(1.) Prejudices against the truth; for then we will undervalue light, and reject all the directions and instructions of the Spirit, as not agreeing with our prejudicate opinion.
(2.) A wilful turning away from truth, as these, 2 Tim. iv. 4. Titus i. 14.
(3.) Addictedness to our own judgments and opinions, which causeth pertinaciousness, pride, and conceit, as thinking ourselves so wise, as that we need no information; and this occasioneth a self-confidence.
(4.) Looking too much unto, and hanging too much upon men, who are but instruments, crying them up as infallible, and receiving, without further examination, all that they say, not like the Bereans, Acts xvii. This is a great hinderance to the receiving of truth, and very prejudicial.
(5.) A neglecting of the use of the means which God hath appointed for this end.
(6.) Or an hanging too much on them, and so misplacing them, giving them his room.
(7.) Leaning too much to our own understanding, wit and knowledge, &c.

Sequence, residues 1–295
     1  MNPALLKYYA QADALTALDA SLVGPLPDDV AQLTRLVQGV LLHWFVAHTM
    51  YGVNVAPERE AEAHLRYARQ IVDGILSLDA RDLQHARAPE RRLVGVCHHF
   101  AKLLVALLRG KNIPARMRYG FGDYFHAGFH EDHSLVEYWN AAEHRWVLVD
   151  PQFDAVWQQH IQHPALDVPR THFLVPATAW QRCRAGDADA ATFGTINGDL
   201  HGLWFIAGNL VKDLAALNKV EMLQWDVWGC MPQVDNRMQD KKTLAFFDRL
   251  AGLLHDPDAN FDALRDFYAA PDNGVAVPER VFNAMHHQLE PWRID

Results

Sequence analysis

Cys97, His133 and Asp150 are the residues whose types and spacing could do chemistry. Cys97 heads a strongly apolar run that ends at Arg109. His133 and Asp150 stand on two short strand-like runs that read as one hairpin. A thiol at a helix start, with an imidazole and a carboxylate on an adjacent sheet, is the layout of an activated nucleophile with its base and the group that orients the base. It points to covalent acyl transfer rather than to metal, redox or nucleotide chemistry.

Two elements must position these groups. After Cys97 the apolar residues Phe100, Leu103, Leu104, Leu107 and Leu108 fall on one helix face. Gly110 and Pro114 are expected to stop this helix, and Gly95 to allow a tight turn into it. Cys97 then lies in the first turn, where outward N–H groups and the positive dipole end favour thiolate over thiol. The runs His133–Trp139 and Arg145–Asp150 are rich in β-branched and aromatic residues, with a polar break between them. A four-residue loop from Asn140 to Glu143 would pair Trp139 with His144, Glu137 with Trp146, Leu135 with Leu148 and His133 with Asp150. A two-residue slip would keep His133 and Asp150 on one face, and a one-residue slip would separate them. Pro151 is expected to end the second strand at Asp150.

(8.) A resisting of the truth, 2 Tim. iii. 8. These and the like hinderances should be guarded against, lest they mar our attaining to the knowledge of truth.
7. There should be much of the exercise of prayer, for this is the main conduit and mean, through which light is conveyed into the soul. There should also be a serious and Christian reading and hearing of the word, which is truth, and the word of truth, and the Scripture of truth; and those duties should be gone about with, (1.) much self-denial; (2.) with much singleness of heart; (3.) with much humility; (4.) with much willingness and readiness to be instructed; (5.) with much seriousness and earnestness; and, (6.) with faith and dependence on God for his blessing and breathing.